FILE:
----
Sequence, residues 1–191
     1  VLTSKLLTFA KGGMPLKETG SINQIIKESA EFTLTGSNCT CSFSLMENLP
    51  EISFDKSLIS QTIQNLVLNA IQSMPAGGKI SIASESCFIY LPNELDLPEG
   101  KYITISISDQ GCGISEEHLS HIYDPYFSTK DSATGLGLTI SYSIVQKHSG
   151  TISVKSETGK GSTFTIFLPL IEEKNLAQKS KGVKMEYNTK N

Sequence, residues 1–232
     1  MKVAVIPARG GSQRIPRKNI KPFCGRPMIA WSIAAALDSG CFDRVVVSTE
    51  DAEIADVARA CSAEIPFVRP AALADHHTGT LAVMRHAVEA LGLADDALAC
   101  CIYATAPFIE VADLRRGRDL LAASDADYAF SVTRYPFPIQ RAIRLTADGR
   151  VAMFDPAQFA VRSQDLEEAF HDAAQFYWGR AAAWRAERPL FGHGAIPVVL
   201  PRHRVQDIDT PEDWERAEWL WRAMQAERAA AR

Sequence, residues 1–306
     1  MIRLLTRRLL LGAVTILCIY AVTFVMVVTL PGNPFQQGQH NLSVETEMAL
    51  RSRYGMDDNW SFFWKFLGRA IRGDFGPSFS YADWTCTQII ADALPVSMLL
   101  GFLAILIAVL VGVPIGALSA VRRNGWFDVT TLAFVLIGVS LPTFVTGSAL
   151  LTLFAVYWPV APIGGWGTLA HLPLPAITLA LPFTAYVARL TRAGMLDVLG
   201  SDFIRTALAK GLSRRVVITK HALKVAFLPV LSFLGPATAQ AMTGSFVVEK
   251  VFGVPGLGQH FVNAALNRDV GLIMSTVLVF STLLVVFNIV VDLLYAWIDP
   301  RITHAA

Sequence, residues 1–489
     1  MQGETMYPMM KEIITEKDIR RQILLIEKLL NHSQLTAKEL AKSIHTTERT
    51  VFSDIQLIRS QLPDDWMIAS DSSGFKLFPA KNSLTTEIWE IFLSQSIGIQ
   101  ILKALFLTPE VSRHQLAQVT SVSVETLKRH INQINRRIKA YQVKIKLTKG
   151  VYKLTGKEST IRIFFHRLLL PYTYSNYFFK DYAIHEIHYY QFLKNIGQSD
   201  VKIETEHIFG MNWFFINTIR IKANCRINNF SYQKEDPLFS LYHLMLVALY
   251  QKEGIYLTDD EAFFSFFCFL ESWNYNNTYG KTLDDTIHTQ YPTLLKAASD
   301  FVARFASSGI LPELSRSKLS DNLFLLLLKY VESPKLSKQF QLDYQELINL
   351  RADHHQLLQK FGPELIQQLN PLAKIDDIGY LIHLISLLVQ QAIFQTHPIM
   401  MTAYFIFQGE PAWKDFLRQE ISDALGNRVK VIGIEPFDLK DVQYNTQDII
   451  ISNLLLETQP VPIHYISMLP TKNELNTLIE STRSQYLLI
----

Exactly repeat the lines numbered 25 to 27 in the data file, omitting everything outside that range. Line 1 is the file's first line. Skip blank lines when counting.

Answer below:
   201  VKIETEHIFG MNWFFINTIR IKANCRINNF SYQKEDPLFS LYHLMLVALY
   251  QKEGIYLTDD EAFFSFFCFL ESWNYNNTYG KTLDDTIHTQ YPTLLKAASD
   301  FVARFASSGI LPELSRSKLS DNLFLLLLKY VESPKLSKQF QLDYQELINL